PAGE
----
Writing Chord Progressions for Melodies
All right. Next up. Um, let's talk about building, ah, core progression from a melody. So if you're one of those people that likes to read a melody first, like, ah, lot of people like I might venture to say most people like to write a melody first, but I don't know that for a fact. Um, how do you figure out what chords to put on the melody? So to figure this out first thing is, we need a melody. So let's stick to a minor. Um, and I'm just going to kind of read a random melody that's in a minor. Um, maybe l do half notes, mostly, so I'll start on A It doesn't have started. A melodies don't have to start in a. I don't have to start in the root of the key. Um, they could start whenever they want. Um, but let's start this one on a So let's go a BC The those two quick notes will go down to be and hold that. Then I'll do, ah, make a leap here to maybe e and then af I'm being kind of his random as I can hear down to see to G and t e. Well, hold that out. OK, so here's my super random melody. ...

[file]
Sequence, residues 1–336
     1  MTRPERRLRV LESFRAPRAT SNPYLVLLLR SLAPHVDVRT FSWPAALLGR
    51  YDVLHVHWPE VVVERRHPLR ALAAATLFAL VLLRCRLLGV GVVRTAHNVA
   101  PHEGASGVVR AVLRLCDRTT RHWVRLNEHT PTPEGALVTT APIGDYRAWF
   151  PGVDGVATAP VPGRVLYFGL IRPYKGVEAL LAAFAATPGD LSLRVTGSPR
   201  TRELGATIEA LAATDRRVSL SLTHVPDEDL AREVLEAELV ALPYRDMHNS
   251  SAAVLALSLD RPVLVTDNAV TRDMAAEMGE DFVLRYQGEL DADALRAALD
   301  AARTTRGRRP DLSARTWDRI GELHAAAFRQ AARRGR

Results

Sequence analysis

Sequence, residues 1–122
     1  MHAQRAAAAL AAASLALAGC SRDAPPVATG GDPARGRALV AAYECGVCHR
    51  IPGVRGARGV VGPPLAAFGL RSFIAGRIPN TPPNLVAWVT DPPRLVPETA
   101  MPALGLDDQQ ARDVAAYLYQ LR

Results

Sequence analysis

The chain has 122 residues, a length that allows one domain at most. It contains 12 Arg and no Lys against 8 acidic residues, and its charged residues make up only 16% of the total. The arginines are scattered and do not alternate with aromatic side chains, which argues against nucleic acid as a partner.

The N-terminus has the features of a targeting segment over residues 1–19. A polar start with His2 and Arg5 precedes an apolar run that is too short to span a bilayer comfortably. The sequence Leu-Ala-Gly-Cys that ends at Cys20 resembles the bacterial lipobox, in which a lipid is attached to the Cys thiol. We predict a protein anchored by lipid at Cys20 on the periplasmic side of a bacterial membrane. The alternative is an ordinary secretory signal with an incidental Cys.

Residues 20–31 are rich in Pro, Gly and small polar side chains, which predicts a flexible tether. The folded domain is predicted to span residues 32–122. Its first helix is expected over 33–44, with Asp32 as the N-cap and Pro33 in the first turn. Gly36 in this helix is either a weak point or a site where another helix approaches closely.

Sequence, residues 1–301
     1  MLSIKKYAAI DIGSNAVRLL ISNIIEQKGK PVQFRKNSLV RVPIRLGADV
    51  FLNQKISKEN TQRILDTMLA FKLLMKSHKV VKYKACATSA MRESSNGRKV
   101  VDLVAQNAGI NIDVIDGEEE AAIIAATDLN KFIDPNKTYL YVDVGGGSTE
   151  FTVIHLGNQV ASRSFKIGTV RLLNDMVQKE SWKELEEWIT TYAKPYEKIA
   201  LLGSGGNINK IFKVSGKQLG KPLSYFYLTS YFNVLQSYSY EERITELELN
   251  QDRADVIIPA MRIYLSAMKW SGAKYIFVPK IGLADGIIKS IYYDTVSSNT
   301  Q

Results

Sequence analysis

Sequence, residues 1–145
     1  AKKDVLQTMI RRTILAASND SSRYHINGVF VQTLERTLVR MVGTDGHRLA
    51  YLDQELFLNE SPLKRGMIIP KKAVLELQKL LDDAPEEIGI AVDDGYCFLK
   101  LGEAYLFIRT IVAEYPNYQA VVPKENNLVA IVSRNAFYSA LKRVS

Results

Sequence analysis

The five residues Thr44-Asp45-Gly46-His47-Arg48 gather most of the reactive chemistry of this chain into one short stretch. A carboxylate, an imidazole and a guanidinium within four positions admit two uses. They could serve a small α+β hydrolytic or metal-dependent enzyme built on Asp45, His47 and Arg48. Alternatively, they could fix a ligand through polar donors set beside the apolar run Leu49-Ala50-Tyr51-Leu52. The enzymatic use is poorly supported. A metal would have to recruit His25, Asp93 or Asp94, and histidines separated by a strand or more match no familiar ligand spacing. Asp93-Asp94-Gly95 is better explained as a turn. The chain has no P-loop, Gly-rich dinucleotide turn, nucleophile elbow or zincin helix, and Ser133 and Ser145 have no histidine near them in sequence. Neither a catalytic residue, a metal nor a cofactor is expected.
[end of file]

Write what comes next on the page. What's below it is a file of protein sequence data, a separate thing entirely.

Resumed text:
It's not entirely random causes selling key, but, um, I didn't really think all that much about that. Okay? So I'm still using this, like, super dark weird since patch. Ah, and these drums. So it's already got kind of this dark, uh, almost trip hop feel to it. Um, but that's cool. It's also in a minor key, so it's got that going for it. So let's look at what chords we could use. So I'm going to do the opposite of what I did last time. Let's get rid of that. So this is my piano track up here. Someone's gonna copy my melody into the piano track so that I can leave the melody on the melody track, but ah, pull apart the piano part. So we're gonna figure out what chords could work on this. And let's say I want one chord per bar, just like we did in the last, uh, the last track. So what I'm gonna do here is I'm gonna figure out I'm gonna look for these, like, kind of third relationships. Um, so I haven't in this bar. I'm gonna go bar by bar. So in this bar, I have A B and C. So if I was to look at my hole diatonic chord progression, I would find through. Here's my key right here. Let's build an a minor chord the 1st 3rd 5th And actually I'll build a couple of these. Here's my to court and minor, which is that Diminished remembers who probably will avoid that one. But who knows? Build a couple more of these. Therefore, cord or five chord will just do that money. Okay, so looking back here a, B and C let's see how many of those notes I can get to fit into a single court. So, of my chords, does any of them have an A A B and to see if they have all three, then Hey, that's a great court to use. Always remember, we have a couple of options here. If we only have one note. Ah, there are three or four options. At least three or four obvious options. Um, but we'll get to that in a minute. For now, we have these three notes, and I already know that. Well, I know because I'm just gonna tell you to. We can find accord where two of those notes will work A, B and C. One of them is gonna be a passing note, and it's gonna be this Be so we can see here A and C in our one chord in an a minor chord. Do we have an A and to see in any other chords? Um, not in anything we've drawn out here. If we keep going, we'll get well, actually, if we go, one more cord will get one. So if we go here to the six chord F A and C so F would work as would a C and E So two different chords The one chord in the six chord, um, ones, a major chord, ones of minor chord so we could use whatever we want. Let's use an a minor chord here. We'll keep it simple. So I'm going to stretch this out. I'm gonna turn this into just a cord. So there's my a minor chord. Now, my second bar has just one more melody note. So that means I have three or maybe four options, like I decide a minute ago. So I need to look at all my cords that have this one note in it. Now you're gonna have If you're just looking at triads, you have three options because this note could be the root of our court. It could be the third of our cord. Or it could be the fifth of our cord. Or if we want to get fancy, we could even say it could be the seventh of our court. So let's look for a B in here. So here's a B on our two chords. So if it's the route, it's our to cord. Remember, that's a diminished chord. We don't really like that one. So let's cancel that one out. We're not going to use that one. What are our other options we could use? Here It is as the fifth, and that is the e chord T E minor chord. That's a good option. Um, so that's a good option. Ah, if we kept going up one more cord, that's what they should just drawn out this whole thing from the get go. But that's OK. We get up to the seven chord, the seventh chord in the key. We get the one that has the third in it. And it's a G chord. It's a gene major court. So are good options here. The two chord. Not such a good option. Ah, the good options are the e chord, which is the fifth and the G chord, which is the seventh, So we can decide which one you want. I mean, we're kind of in composition mode here, so both of these cords are gonna work just great. Um, one of the things you might consider is that one of them is a major chord, and one of them's a minor chord. Seem like think. Do you want a major sound or a minor sound here? Um, I'm gonna go with I'm gonna go with the G Chord will be a little weirder. Let's look at what our other options could be. What if that be was the seventh? So let's go up one more scale degree on all of these. Okay? There's I could keep going, but this is the one I want. If I did it as a C, it would give me that seventh. Um, I don't think I want to do that. I think that's gonna be a little too intense for this kind of dark trip poppy sound that I want. So I'm gonna go with the G chord. Okay, so let's turn this into a G chord. I need a G. And there's my third and my fifth will be a d here. Okay, so now that melody note works in there Just great. Now, here. I haven't e and f was there half steps apart. So they're not going to be found in any single chord. There's not gonna be a chord that has an e in it and indefinite x. Well, I take that back. Ah, we will have one. Ah, this cord, the sixth chord. If we added a seven to it, we would have both of those. But I don't think that's what we really want. That's not quite the right sound. Um, it's gonna be a little to remember this is that major seventh chord. That sounds really pretty. I kept saying it sounded pretty, um, so we could put that in this tune, But what we have going so far, we haven't really dark sound. And if we put this really pretty something coordinate, we're going to get ourselves in a little bit of trouble. It's gonna start to sound really confused. So let's not do that. Since this effort shorter. Let's treat it as a passing tone. So let's say ease the court tone. So my options are here. The one chord again. The three chord, which is major. There's the E. And then there's gonna be one chord. There's gonna be Accord. Sorry where it's It's the Roots. So here it is as the fifth. Here it is as the third, and here it is as the root. So an e minor chord are five chord. So in this case, maybe I'll think about where I'm coming from. I have a a a G, and this is a minor chord, and this is a major chord. Let's be sure we get another minor according there, so that we keep the sound of the ah, um, the darkness of the sound. I could go back to that one chord. That's awfully appealing. Um, let's do that. Subs good. Copy this over. Someone used the one chord again here. So now we've got one chord. The e fits in the cord, and then it goes to an F. That's OK, so that if that's the melody, So I'm gonna get rid of that here cause I don't want it right in the cord. Necessarily. That was gonna stretch that out so that the cord takes up the whole measure. Okay, here, I've got three chords. I've gotta see a G and E. And as luck would have it, I swear I didn't plan that. We do have a cord that has all three of those notes C, E and G right there. So our three chord has all three of those. But there's actually one more record that has all three of those to, um, let's find it. It's gonna be It's actually going to be our one chord with a seven c e and G, with the G being the seventh. So it could be our one chord again. Ah, it would be with the seventh. It would be a minor seventh court. Ah, but I'm not going to use that only because I'm coming from my one chord and I want to be sure I go to a different court. So let's use that three chord C e g. And I've got everything I need right here. I don't need to do anything. Okay? So I just kind of grouped notes together and found notes that fit that are passing tones in it. That's the way it's gonna be. That makes for an interesting Mellie. Remember, if you don't have any passing tones or any notes that are not in the cord Ah, for long periods of time, you're gonna end up sounding pretty boring. So, um, don't be afraid to just throw those extra notes that air in key, but not in the cord. Just throw him around and see what happens. Um, okay, last thing before we hear this is I'm gonna do a little bit of inverting. So I'm gonna take this G, since it's it's the highest note down inactive that actually gets me all pretty tight where I'm not moving around too much. So let's hear what we've got. Move this down. I want to get this. No, I'm gonna add de here. That d just gives us a little flavor of its Ah, it's the only note that's not in this chord in the melody. And it also just kind of helps us pushes back to this. A So, um, just kind of gives it a nice feeling for when it's looping. Okay, so there you go. So just remember when you're when you have a melody and trying to find court for it, just try to find groups of chords our sorry groups of notes in the melody and see what chords You can make most of the notes working and then put it together. There's a lot of ah option here. Ah, and this is why this is kind of what separates music theory from, like actual, like composition and producing, like now we're like, creating stuff, so we don't want to always follow the rules. 100% gotta break him to do interesting stuff. Alright, onward.